A generic monitor not specifically designed for photography isn’t going to deliver the colour quality we seek. Processing images on the BenQ SW271 gives the user a stunningly vivid colour range.
Nikon CoolPix S610c
10-megapixel camera with built-in Wi-Fi.
- Wireless connectivity, good colour balance, incredibly fast start-up time
- High levels of chromatic aberration, high shutter lag and slow shot-to-shot time, slow wireless transfers
Nikon's CoolPix S610c is a solid compact camera with a few notable problems. It takes fairly good snaps and has wireless connectivity; however, uploading photos can be slow. The camera itself is incredibly slow at times, which makes for a frustrating user experience.
Price$ 529.00 (AUD)
Similar in many ways to the COOLPIX S610 that we recently reviewed, the Nikon CoolPix S610c has the same pros and cons as its cheaper brother but comes with wireless connectivity as an added bonus. Its images are good without being great and its feature set is standard for a compact unit. However, like some other Nikon units, it is painfully slow at times, which really cripples the overall user experience.
Sporting a 10-megapixel sensor, the S610c is middle of the road in terms of compact cameras these days. It also has a 28-112mm, wide-angle lens, which is quite useful. On the whole the images captured had good resolution and detail. They were slightly soft, which some users may not appreciate, but the level of clarity will be fine for most print sizes.
The only issue we encountered in this regard was high levels of chromatic aberration. There was noticeable purple fringing in our outdoor test shots and some minor softening towards the corners of the frame. We also spotted a tiny bit of barrel distortion at the widest extension of the lens, but it wasn't severe.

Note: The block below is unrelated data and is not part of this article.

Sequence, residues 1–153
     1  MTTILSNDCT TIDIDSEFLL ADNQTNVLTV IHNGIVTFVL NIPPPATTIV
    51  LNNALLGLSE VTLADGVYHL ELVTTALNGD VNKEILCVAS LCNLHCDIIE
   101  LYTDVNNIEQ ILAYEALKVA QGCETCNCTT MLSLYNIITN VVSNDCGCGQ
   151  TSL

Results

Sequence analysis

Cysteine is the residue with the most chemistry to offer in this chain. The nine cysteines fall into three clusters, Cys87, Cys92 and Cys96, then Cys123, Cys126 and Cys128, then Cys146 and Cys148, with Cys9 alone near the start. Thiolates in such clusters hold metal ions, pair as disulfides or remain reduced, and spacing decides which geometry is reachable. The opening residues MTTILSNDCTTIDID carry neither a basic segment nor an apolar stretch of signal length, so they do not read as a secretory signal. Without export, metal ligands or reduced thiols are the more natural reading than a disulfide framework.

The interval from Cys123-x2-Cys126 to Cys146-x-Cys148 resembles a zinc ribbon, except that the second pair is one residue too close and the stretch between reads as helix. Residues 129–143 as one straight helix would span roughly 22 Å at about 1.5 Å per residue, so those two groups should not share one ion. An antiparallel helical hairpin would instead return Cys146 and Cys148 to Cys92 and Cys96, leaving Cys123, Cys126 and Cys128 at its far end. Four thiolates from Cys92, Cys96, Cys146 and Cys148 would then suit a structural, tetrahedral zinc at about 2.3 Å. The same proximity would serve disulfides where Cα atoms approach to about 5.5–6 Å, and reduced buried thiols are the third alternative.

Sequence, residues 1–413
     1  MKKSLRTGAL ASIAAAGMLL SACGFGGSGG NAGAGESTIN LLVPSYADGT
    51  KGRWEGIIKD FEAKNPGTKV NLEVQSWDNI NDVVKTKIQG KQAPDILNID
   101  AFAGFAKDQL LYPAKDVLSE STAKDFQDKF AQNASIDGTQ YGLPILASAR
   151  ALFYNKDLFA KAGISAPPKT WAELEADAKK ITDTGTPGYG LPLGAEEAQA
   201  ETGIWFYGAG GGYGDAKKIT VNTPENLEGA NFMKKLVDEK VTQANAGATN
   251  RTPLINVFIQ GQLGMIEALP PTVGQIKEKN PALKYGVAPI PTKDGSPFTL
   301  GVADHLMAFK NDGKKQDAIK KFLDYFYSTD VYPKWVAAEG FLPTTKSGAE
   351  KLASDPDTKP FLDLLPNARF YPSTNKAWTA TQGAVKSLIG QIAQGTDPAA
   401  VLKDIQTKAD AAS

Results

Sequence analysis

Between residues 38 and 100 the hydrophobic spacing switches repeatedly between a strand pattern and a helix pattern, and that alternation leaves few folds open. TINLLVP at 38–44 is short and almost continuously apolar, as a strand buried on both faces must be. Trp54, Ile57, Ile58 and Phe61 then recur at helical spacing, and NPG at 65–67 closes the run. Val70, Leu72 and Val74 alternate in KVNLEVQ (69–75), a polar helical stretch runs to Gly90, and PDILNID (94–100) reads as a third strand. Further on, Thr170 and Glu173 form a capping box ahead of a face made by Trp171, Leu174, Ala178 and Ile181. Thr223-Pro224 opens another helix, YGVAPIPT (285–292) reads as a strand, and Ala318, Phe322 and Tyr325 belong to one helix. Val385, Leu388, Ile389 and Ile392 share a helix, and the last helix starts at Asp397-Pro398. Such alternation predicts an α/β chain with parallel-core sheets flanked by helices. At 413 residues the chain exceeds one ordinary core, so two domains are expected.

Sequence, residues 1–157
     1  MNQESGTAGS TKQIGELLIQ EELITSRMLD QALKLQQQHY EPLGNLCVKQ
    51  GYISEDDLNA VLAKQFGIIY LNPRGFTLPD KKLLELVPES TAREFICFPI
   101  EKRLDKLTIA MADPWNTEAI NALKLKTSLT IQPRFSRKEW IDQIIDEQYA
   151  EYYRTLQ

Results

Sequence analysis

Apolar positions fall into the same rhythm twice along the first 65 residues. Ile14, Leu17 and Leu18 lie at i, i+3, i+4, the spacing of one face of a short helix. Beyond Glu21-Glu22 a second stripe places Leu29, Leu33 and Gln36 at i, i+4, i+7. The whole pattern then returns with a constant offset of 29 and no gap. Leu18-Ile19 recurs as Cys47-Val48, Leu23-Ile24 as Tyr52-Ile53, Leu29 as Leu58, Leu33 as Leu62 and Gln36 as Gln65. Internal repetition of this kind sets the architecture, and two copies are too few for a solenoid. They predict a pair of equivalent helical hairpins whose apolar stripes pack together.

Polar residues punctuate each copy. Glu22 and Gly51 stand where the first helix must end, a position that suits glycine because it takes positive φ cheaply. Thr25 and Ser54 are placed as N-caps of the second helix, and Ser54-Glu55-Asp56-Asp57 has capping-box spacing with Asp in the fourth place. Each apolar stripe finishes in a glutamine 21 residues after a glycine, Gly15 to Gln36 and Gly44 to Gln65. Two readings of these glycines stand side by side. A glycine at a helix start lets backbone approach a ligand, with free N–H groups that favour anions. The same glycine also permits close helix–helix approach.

Colour reproduction was excellent, with accurate hues and minimal over-saturation. As we always point out, compact cameras usually struggle in this area, blowing out primary colours to create a more vivid, lively shot. The S610's pictures were still rich and vibrant but without the over-saturation we're used to.
The camera's noise performance was unsurprising. At ISO 100 and ISO 200 there was no grain to speak of. ISO 400 saw a light speckling appear but it didn't really affect the clarity of photos. At ISO 800 there was a dramatic drop in sharpness and anything above that probably isn't worth pursuing.
Speed was the area the S610 really fell down. It actually exhibits one of the fastest start-up times we've ever seen: it's up and ready to go in exactly a second. However, its shutter lag is extremely sluggish at 0.2 seconds and shot-to-shot time can exceed three seconds, which makes it frustrating to use. The burst mode is also a little on the slow side, snapping 1.9 frames per second.
Anyone who is familiar with Nikon's product naming knows the "c" on the end indicates a unit with wireless capabilities. The process has been streamlined a little compared to past units. You can simply enter a network key and be on your way. It is definitely easier to use than before, and once you're online you can upload your pictures to Nikon's My Picture Town servers. The transfers seemed a little slow, however, which may be a problem if you have a large album to upload.
Its other features are standard compact camera fare, including as face detection, a smattering of scene modes and some basic colour, focus and metering options. There is also a custom white balance, which is a nifty addition, but there is nothing in the way of manual shooting modes.
Stylistically the S610 is fine but nothing special. We liked the matte black colour scheme but it is a little bulkier than some competing compacts, which will sway some users. The controls feel a little loose but the click wheel is nice and responsive and everything is intuitive, making it ideal for novice photographers.
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